Please find below a list of resources for planting native, pollinator-friendly flowering plants. Given that North Coast Apiaries is located in Northern California, we have included these particular regions below the general pages. Some important things to keep in mind no matter the location of one's garden or planting project:
- Pesticides and fungicides hurt all pollinators and many are genetically engineered into the plant seeds themselves. Pay attention to the quality of the plant at hand and avoid using chemicals whenever possible.
- Many pollinators only forage on one type of plant per flight (ex: poppies on one run, lilacs on the next). To help conserve time and energy for these creatures, plant in groupings rather than individual starts. Having groups of plants, three feet is a good general idea for a 'group,' also helps pollinators identify good foraging spots while flying overhead.
- In addition to nectar and pollen, all pollinators require fresh water and shelter. Incorporating several water sources and different forms of shelter into your garden or planting project is an excellent way to create a coherent pollinator-friendly habitat. This video demonstrates an excellent and creative way to create a pollinator watering station.
- Honey bees are the focus of PermApiculture and indeed are the most celebrated of the pollinators. Yet the honey bee is but one of many different types of pollinators, and should not be the sole focus of habitat reconstruction efforts. Keep in mind that birds (including songbirds and hummingbirds), bats, butterflies, beetles, and thousands of native bees are vital components of our pollinator landscape. Planting milkweed for the Monarch butterfly, shrubs that produce berries for songbirds, and plants that are frequented by hummingbirds and bats among others will help the honey bees by association.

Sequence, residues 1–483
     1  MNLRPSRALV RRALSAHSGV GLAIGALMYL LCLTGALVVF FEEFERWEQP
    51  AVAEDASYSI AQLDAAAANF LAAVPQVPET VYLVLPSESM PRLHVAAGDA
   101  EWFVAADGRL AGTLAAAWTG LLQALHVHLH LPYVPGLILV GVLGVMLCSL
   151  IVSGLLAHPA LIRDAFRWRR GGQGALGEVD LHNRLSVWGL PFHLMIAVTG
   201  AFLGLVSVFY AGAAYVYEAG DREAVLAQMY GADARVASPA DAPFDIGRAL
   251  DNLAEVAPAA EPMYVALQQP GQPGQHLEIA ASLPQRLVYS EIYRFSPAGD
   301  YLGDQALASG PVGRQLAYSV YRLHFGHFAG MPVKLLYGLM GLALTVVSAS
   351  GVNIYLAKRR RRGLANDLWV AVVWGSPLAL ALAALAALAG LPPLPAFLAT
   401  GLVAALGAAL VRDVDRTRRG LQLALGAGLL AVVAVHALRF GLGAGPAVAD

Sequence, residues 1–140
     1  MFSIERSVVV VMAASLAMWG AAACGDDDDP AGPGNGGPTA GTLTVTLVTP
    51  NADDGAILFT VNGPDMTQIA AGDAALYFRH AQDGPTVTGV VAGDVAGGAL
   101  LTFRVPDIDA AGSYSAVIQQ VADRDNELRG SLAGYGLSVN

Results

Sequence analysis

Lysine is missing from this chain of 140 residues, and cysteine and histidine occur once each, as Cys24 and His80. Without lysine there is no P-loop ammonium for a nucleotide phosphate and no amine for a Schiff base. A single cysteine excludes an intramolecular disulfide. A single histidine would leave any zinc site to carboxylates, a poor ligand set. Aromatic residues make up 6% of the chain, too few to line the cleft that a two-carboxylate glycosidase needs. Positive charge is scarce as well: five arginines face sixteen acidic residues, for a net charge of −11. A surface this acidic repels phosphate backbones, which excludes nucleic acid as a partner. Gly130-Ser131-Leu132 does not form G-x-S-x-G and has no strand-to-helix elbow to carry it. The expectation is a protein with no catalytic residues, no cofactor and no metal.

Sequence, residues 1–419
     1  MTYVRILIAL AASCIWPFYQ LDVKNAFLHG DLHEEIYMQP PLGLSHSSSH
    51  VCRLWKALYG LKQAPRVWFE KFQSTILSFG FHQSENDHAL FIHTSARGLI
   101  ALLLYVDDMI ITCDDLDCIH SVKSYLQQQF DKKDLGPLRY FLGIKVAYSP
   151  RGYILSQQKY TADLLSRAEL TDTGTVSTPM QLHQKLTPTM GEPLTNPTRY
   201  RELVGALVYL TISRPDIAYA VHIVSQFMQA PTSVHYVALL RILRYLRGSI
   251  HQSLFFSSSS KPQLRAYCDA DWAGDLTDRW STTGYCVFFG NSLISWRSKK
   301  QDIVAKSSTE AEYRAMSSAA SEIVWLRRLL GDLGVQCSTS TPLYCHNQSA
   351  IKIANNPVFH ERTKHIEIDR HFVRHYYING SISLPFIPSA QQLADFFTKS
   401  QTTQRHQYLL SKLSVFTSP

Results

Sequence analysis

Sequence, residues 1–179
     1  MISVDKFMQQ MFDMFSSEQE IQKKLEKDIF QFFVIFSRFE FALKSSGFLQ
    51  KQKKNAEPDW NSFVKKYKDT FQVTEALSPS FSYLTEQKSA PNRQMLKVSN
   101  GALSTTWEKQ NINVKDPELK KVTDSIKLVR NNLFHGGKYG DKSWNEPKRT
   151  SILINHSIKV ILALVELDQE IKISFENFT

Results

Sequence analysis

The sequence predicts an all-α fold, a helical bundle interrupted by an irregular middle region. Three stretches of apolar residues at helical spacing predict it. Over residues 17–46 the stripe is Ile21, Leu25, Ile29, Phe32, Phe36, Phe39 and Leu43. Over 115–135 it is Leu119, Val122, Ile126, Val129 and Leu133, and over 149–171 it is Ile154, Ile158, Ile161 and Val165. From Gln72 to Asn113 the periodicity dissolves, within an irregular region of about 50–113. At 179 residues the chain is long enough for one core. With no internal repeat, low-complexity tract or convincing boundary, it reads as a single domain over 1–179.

Pollinator Partnership Ecoregion Planting Guides: 32 different guides and a search tool to find your region
Xerces Society Pollinator Plant Lists: 9 different guides
Understanding Pesticides and Fungicides
Beyond Pesticides: an excellent resource for all your inquiries about pesticide use.
Northwest Center for Alternatives to Pesticides: focused on Oregon and the greater Pacific Northwest region